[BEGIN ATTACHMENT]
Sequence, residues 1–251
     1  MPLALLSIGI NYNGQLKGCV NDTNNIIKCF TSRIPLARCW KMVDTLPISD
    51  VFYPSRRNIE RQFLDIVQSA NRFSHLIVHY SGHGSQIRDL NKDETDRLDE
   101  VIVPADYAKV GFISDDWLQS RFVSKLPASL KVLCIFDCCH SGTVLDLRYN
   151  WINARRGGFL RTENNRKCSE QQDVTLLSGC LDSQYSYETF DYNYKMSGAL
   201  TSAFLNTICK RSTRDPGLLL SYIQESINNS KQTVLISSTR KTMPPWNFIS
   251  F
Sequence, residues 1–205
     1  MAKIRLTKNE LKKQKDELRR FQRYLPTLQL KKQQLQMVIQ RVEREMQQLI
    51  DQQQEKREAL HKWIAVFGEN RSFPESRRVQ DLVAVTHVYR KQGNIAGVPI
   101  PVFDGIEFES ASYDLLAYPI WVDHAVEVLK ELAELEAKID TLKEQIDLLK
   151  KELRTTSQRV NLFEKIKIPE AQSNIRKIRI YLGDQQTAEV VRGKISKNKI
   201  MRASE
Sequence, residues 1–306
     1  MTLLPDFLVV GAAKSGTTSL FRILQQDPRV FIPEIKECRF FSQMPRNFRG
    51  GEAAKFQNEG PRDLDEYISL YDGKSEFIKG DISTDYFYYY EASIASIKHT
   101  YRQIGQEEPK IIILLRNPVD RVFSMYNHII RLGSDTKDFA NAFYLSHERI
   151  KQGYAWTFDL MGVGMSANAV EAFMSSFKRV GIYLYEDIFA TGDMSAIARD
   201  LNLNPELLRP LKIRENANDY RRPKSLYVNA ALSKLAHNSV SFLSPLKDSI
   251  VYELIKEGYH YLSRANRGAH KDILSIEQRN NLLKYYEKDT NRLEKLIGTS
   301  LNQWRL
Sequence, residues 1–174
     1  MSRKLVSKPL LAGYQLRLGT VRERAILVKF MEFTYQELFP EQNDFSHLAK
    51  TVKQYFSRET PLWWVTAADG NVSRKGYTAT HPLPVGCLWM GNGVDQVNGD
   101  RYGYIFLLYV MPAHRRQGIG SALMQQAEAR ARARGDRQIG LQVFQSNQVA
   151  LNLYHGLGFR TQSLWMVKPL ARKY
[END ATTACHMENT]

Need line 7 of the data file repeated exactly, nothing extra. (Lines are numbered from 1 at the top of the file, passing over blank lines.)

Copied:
   251  F